One of the best things about studying classical music here at the RCS is the opportunity to explore diverse repertoire. Immersing yourself in great works from different composers, countries and cultures makes for exciting times.
I added two beautiful Scottish Songs to my repertoire for a competition, the Hugh S Robertson Scots Song competition held at the Royal Conservatoire of Scotland in November 2013., “Scots Song” and “The Laird O’ Cockpen”. These songs are tracks 12 and 13 on my album Canzoni D’Amore (Songs of Love).
‘Scots Song’ was composed by James MacMillan (b.1959) CBE, in 1991 and is one of the songs from ‘Three Scottish Songs’ an atmospheric setting of poems in Scots and in English by William Soutar (1898-1943)..
‘Scots Song’ 1991; ‘Ballad’ 1994; and ‘The Children’ 1995.
James MacMillian is a Scottish born Classical and modern composer and conductor who became Associate composer with the Scottish Chamber Orchestra.
“The Tryst” poem by William Soutar became the Scots Song. The hauntingly beautiful lyrics could be explained as two lovers meeting secretly at night and sharing precious hours together before having to part in the morning.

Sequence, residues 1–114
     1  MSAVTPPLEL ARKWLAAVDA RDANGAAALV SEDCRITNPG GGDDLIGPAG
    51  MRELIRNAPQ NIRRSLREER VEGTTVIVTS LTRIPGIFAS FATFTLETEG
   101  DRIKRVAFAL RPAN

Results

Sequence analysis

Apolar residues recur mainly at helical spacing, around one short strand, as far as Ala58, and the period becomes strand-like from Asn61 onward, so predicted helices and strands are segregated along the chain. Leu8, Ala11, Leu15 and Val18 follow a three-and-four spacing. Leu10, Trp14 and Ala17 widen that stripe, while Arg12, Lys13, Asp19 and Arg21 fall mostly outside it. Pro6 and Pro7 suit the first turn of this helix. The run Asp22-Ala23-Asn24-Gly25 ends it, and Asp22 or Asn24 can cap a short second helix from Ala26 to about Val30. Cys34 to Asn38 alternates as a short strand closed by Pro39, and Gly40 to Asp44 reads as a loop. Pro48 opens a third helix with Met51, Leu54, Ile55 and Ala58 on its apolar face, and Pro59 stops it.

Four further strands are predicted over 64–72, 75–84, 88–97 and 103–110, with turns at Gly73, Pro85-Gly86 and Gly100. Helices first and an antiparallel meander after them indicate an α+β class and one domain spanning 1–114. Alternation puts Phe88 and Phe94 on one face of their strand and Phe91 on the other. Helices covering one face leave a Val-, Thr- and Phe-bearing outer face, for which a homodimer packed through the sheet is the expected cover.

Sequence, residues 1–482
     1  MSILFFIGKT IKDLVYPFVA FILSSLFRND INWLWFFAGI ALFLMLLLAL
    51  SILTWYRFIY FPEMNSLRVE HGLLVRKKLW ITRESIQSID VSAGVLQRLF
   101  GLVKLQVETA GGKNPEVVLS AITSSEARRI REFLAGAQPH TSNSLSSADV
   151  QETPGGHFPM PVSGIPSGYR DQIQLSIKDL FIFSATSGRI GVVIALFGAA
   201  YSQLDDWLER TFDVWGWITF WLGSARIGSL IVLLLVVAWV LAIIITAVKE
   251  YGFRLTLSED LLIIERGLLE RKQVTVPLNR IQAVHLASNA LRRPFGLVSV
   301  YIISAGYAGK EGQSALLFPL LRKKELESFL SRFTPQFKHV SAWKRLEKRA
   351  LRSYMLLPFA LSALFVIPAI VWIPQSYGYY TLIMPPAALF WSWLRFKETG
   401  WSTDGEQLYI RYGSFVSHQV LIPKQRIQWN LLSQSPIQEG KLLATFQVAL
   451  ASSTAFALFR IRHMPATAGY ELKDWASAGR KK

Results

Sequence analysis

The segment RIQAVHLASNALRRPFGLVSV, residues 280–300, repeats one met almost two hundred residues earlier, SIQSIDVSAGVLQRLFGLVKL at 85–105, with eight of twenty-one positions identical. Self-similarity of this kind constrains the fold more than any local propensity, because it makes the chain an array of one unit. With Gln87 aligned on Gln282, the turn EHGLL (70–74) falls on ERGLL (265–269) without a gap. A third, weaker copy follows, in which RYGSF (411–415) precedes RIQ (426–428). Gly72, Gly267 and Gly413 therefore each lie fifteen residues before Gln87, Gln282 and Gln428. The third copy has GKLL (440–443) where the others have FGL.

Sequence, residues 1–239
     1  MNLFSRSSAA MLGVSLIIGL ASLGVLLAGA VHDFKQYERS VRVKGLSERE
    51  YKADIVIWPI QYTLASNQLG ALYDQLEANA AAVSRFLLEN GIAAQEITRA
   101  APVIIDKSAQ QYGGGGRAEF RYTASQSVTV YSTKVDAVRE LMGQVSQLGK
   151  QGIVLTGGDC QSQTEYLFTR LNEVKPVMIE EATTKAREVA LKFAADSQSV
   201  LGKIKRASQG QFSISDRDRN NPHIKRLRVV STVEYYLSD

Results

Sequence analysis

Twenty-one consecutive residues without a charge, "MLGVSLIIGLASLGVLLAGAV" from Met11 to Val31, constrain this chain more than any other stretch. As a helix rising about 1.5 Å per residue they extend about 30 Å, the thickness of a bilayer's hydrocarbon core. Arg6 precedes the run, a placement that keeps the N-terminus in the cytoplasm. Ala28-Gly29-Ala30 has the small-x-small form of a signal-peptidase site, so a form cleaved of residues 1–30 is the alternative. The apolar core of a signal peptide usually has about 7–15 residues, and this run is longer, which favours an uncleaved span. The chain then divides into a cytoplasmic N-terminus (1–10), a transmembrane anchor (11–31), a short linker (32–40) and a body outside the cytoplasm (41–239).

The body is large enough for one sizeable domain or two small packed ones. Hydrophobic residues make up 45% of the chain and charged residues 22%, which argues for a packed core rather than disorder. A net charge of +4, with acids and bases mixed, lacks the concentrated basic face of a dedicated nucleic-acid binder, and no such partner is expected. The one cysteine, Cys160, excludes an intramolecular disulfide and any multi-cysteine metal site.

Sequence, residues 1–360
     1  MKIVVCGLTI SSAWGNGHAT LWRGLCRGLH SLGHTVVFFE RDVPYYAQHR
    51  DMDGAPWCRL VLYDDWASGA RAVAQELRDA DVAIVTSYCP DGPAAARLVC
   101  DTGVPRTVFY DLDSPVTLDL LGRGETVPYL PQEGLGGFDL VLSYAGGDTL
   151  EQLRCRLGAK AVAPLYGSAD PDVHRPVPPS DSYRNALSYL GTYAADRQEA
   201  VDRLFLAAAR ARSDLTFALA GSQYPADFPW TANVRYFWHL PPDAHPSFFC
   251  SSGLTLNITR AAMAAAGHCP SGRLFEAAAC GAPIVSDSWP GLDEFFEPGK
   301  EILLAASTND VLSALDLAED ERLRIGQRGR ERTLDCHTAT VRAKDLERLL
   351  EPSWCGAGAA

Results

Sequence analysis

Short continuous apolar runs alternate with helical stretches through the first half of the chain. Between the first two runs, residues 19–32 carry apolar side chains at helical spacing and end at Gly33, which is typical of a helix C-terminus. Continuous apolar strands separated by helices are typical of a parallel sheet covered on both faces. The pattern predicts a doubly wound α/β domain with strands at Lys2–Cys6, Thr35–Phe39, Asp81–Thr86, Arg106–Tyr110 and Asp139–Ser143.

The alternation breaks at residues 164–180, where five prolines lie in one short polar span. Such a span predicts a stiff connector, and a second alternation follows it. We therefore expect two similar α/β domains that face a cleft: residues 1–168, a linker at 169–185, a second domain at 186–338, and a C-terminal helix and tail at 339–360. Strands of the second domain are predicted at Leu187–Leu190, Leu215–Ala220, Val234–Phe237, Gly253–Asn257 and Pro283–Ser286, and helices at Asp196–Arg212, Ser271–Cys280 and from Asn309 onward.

O luely, luely cam she in
And luely she lay doun;
I kent her be her caller lips
And her briests sae sma’ and roun’
A’ thru the nicht we spak nae word
Nor sinder’d bane frae bane:
A’thru the nicht I heard her hert
Gang soundin’ wi’my ain.
It was about the waukrife hour
Whan cocks begin to craw;
The she smool’d saftly thru the mirk
Afore the day wud daw.
Sae luely, luely cam she in
Sae luely was she gaen;
And wi’her a’ my simmer days
Like they had never been
I sang it at The Kathleen Ferrier Bursary competition, but here’s a recording I made at Bury Parish Church on February 14th 2014, a great tune for Valentine’s day.
I recently went with friends to watch James MacMillan’s opera “Ines de Castro” at the refurbished Theatre Royal in Glasgow. It was a great evening and I must put some time aside to write about it for you. Here are a couple of pictures from the evening.